September 21, 2021 – When humans and other species mix and viruses move between them, experts call it ‘overflow’. As humans move and seek new habitats where wildlife lives, and climate change shifts the boundaries of those habitats, scientists predict we will see more of these outgrowths.
Coronaviruses, which is common in bats, is no exception. But it is mostly thought that an intermediate animal bridges the transmission of the virus from bat to human. For example, the respiratory syndrome in the Middle East, or MERS, coronavirus probably passed from bats to camels, and then from camels to humans.
Most people infected with MERS have developed serious respiratory illnesses, including fever, cough and shortness of breath, and about 3 or 4 out of every 10 people with MERS died.
Researchers working on the controversial topic of how SARS-CoV-2 — the coronavirus that causes COVID-19 — made the jump from bats to humans have addressed the broader question of how often such jumps occur, especially directly between bats and people, and their estimate is striking.
According to a pre-print study posted online on September 14, which has not yet been evaluated by peers, as many as 400,000 people a year in South and Southeast Asia, SARS-related coronaviruses can pick up directly from bats. The study focuses on South Asia and Southeast Asia due to the high overlap between human butts there.
Most cases of these ‘unnoticed outbreaks’, as the study authors call them, do not make a public health radar because they simply stick out. The infections remain unnoticed, causing mild or no symptoms, or symptoms similar to those of common viruses. Man Immune system destroy it mostly, leaving antibodies against the virus behind as proof of victory.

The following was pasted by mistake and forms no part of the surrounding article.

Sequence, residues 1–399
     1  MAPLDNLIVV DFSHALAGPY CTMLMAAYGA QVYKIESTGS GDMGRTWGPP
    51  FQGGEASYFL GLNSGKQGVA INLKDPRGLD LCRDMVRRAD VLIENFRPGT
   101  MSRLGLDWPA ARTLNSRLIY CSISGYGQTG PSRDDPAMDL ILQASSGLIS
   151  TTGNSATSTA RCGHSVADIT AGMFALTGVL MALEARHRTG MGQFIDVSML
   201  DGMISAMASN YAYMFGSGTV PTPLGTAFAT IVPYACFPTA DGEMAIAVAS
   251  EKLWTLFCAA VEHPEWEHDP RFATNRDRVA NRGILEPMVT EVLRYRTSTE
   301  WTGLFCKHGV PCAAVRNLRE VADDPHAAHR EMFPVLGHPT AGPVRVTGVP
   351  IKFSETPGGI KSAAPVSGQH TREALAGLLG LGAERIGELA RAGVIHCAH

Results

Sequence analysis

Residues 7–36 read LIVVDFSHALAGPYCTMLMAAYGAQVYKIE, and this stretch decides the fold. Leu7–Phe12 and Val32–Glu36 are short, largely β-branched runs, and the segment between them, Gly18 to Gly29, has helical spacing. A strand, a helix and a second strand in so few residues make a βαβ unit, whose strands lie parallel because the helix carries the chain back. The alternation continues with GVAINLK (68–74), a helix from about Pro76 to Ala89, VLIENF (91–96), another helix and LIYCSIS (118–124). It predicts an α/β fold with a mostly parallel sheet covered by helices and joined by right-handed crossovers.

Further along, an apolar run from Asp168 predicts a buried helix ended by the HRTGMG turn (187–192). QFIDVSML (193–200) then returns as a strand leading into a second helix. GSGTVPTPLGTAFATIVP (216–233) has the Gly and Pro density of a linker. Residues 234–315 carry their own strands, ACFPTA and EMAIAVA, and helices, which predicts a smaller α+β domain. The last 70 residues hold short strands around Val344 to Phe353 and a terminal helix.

In the work yet to be investigated by experts, the researchers, led by Peter Daszak, PhD, a British zoologist and president of EcoHealth Alliance, used various data sources to arrive at their estimate.
One was geographic information about where bats and humans overlap in their habitat. Another source was human blood samples with signs of coronavirus antibodies and information on how long the antibodies lasted. And the researchers also gathered information on how often bats and humans encounter each other.
When they wrote down all this information in the calculations of the risk of people getting a virus through a bat, they reached their estimate of 400,000 such encounters annually.
Recognizing that their work yields only estimates and involves many limitations, the authors say they hope the findings could lead epidemiologists and experts in infectious diseases to surveillance. Maps of where these risks are greatest can help focus resources on capturing infection groups before spreading.